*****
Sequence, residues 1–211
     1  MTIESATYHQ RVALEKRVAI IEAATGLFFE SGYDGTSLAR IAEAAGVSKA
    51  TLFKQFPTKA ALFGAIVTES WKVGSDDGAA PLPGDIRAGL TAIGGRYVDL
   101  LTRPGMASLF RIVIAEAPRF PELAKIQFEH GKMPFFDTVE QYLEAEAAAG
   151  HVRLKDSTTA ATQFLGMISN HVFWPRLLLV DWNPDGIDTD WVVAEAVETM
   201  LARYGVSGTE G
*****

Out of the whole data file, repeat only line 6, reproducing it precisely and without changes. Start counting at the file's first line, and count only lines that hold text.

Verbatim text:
   201  LARYGVSGTE G